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MIPIM, Cannes, Bucharest, Budapest, Prague & Warsaw

Occupier conditions just got better in Central and Eastern Europe according to Jones Lang LaSalle


MIPIM, Cannes, Bucharest, Budapest, Prague & Warsaw, 16th March 2010 –Jones Lang LaSalle’s latest report launched today at MIPIM ‘Onshore, Nearshore, Offshore: Unsure? A 2010 Central European Perspective’, provides a welcome positive view to occupiers by outlining the attractiveness of CEE markets towards landlords or tenants over the next three to four years.  On average, the capital cities of the four countries offer a mixture of relatively balanced market conditions and tenant favourable conditions. Budapest and Bucharest real estate markets are particularly favourable towards tenants over 2010/2011 characterised by falling rents in 2009 and increased vacancy rates (see diagram below).
 
Optimal Timing for Occupiers in Central Europe 2010 - 2013
 
Warsaw and Prague are also set to be favourable towards tenants in 2010 and both markets will become more balanced in 2011, due to the anticipated lower vacancy or choice levels. In 2012, Jones Lang LaSalle predicts that conditions in all cities, except Warsaw, are to remain relatively balanced between landlord and tenant market conditions as the balance between supply and demand also becomes more aligned.  Warsaw, with its current single digit vacancy of 7.3%, will reach a landlord favourable market sooner.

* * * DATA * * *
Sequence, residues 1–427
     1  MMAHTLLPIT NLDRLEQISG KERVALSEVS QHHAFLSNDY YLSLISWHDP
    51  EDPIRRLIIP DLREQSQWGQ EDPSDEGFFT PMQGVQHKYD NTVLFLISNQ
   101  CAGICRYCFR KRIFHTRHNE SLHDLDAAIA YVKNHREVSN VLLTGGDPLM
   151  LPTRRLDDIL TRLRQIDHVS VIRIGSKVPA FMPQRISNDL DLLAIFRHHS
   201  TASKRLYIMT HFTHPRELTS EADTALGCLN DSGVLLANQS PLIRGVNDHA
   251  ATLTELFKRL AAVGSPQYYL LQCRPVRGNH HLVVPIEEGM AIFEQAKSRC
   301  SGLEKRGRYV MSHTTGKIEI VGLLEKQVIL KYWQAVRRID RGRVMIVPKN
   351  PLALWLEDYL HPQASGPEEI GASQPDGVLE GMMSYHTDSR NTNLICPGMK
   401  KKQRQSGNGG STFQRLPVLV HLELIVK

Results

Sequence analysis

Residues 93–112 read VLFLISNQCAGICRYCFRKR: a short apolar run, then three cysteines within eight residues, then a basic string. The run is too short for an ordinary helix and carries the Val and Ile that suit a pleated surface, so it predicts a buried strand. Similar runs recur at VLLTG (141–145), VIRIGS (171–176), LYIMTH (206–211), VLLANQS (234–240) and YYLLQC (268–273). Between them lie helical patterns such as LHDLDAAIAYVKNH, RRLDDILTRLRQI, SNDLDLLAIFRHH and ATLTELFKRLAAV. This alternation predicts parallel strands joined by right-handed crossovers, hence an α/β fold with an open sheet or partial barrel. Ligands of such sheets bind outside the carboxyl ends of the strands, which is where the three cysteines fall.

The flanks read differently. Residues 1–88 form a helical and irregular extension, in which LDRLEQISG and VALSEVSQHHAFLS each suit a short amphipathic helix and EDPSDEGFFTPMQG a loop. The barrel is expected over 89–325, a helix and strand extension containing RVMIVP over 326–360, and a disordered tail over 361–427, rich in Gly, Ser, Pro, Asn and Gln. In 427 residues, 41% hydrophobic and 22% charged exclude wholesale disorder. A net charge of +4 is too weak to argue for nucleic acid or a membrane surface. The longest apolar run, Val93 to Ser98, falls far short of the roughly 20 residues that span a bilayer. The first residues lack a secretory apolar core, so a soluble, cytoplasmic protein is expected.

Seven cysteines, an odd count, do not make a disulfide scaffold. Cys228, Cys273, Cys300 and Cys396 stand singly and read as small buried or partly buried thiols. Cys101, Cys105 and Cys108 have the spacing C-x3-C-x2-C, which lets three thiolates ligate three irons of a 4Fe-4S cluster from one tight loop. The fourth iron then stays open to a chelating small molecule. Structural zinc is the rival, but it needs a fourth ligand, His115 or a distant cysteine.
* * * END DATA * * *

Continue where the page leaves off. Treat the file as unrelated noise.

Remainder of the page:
While there is variance in the precise balance of drivers and influential factors shaping business location decisions, four key drivers – economic and political, labour, real estate and infrastructure, and business environment – are elements that, when carefully evaluated, can present tremendous opportunities but, conversely, can expose occupiers to potential risks.

John Duckworth, Managing Director Jones Lang LaSalle Central and Eastern Europe, commented:  “The CEE region, though impacted by the global recession, will continue to attract corporate investment.  The region has a highly educated, skilled and multilingual labour pool and lower labour costs than Western Europe. Due to rising unemployment figures and stagnating salary levels the availability and cost of labour has improved. This, combined with real estate developers active in CEE who understand the constantly changing needs of occupiers, are providing modern, flexible, high-specification properties at highly competitive prices.”

John concluded: “Businesses are increasingly finding that shoring strategies are critical for improving their bottom lines. Our conclusion is that the CEE region remains to be a highly competitive location on a global scale for corporates, when making their strategic Business Process Outsourcing and Shared Service Centre decisions. With continued development in the region, combined with clear advantages around cost, labour and risk, we believe this trend is set to continue”.